Techniques Employed in Controlled Blasting

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Techniques Employed in Controlled Blasting

27 February 2017
 Categories: Construction & Contractors, Blog

Blasting is an important part of modern construction. It is predominantly used in fragmenting consolidated soil and rocks. Over the years, populations have grown in and around cities and encroached towards many construction sites. This has led to an increase in the number of public relations problems following the use of explosives in the construction. Controlled blasting comes in handy to reduce the negative effects of blasting. These effects include over-breaking, excessive ground vibrations, noise and fracturing on the surrounding rocks. Here are some of the techniques employed in controlled blasting:

Line Drilling

Line drilling is a technique of controlled drilling where one row of closely knit holes are dug along a neat excavation line. The row of holes offers a perfect plane of weakness along which the primary blast can break, acting as guide to keep the plane of weakness from straying. To add on that, the row also leads to a reflection of some of the shock waves given off by the blast. This reduces stress and shattering in the surrounding areas.

One of the drawbacks of line drilling is the high cost incurred to make the holes, considering that the spacing is close. Most contractors need a percussive hammer for this purpose, which can be costly to hire or buy.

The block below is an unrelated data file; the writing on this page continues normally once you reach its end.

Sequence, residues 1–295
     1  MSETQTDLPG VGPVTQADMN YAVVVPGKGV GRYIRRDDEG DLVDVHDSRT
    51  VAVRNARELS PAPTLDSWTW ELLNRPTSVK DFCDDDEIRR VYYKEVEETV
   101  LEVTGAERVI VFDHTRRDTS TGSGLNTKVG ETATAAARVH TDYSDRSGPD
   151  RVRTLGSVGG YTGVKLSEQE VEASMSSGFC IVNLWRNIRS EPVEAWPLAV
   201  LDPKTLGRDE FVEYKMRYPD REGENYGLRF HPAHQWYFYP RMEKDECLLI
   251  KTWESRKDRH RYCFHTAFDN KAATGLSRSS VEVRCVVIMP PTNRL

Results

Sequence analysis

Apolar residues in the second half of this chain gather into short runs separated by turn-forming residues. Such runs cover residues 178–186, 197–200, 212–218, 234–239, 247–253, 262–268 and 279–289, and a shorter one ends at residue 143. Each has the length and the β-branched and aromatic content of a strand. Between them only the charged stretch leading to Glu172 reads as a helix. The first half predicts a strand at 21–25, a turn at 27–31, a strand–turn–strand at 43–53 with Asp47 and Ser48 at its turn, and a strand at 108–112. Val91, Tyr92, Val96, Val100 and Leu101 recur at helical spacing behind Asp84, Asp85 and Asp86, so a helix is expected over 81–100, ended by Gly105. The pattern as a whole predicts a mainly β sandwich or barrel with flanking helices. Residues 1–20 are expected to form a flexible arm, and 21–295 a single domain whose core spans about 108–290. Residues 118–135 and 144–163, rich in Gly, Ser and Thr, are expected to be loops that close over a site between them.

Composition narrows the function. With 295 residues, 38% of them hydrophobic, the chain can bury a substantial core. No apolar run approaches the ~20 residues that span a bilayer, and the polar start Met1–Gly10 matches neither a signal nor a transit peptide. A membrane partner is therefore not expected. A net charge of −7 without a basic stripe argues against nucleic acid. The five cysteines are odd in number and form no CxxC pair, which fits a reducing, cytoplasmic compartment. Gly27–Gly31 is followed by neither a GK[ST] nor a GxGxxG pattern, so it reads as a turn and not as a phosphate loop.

Smooth Blasting (Contour or Perimeter)

Smooth blasting is a technique often used when you are carrying out the blasting underground. The method requires holes drilled with close spacing and loaded with decoupled charges. The workers fire the decoupled chargers at the same time to produce a contour without causing fractures on the rock adjacent to or behind the face that you are blasting. Ideally, there is very little damage to the areas around the face that you are blasting as this technique localises the impact of the shock waves.

Trim or Cushion Blasting

Similar to line drilling, trim employs a single row of drilled holes dug along the excavation line that you want to blast. In most cases, the diameter of the holes used in this method range from two to four inches, and the holes are loaded with evenly distributed light charge for blasting. The holes are fired shortly after removing the main excavation. Firing immediately between the charges in the holes makes the detonation shear the web of rock between the holes. This produces smooth walls on the surface you are blasting with limited over-break to the surrounding.

A top benefit of this method is that it is cheaper than line trimming because the holes aren't tightly spaced. For more information, contact an explosives supplier.